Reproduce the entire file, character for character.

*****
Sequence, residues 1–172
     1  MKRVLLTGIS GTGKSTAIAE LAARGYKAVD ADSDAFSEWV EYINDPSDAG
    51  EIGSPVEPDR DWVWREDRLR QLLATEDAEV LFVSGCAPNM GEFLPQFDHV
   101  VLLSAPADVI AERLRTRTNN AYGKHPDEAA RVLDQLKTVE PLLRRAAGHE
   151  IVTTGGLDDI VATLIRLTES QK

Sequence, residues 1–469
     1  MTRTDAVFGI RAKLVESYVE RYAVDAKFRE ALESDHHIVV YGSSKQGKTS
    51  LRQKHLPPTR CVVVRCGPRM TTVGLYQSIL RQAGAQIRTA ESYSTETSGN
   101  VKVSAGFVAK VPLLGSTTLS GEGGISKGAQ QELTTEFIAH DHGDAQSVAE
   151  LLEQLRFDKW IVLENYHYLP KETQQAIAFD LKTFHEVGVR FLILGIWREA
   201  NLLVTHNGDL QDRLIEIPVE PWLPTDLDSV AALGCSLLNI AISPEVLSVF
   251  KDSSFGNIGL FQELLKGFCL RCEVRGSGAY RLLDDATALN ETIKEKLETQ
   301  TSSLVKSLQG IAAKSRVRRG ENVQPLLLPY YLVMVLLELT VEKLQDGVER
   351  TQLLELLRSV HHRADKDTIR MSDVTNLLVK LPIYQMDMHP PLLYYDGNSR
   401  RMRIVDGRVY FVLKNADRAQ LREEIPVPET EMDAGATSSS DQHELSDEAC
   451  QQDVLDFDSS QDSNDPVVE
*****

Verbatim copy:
Sequence, residues 1–172
     1  MKRVLLTGIS GTGKSTAIAE LAARGYKAVD ADSDAFSEWV EYINDPSDAG
    51  EIGSPVEPDR DWVWREDRLR QLLATEDAEV LFVSGCAPNM GEFLPQFDHV
   101  VLLSAPADVI AERLRTRTNN AYGKHPDEAA RVLDQLKTVE PLLRRAAGHE
   151  IVTTGGLDDI VATLIRLTES QK

Sequence, residues 1–469
     1  MTRTDAVFGI RAKLVESYVE RYAVDAKFRE ALESDHHIVV YGSSKQGKTS
    51  LRQKHLPPTR CVVVRCGPRM TTVGLYQSIL RQAGAQIRTA ESYSTETSGN
   101  VKVSAGFVAK VPLLGSTTLS GEGGISKGAQ QELTTEFIAH DHGDAQSVAE
   151  LLEQLRFDKW IVLENYHYLP KETQQAIAFD LKTFHEVGVR FLILGIWREA
   201  NLLVTHNGDL QDRLIEIPVE PWLPTDLDSV AALGCSLLNI AISPEVLSVF
   251  KDSSFGNIGL FQELLKGFCL RCEVRGSGAY RLLDDATALN ETIKEKLETQ
   301  TSSLVKSLQG IAAKSRVRRG ENVQPLLLPY YLVMVLLELT VEKLQDGVER
   351  TQLLELLRSV HHRADKDTIR MSDVTNLLVK LPIYQMDMHP PLLYYDGNSR
   401  RMRIVDGRVY FVLKNADRAQ LREEIPVPET EMDAGATSSS DQHELSDEAC
   451  QQDVLDFDSS QDSNDPVVE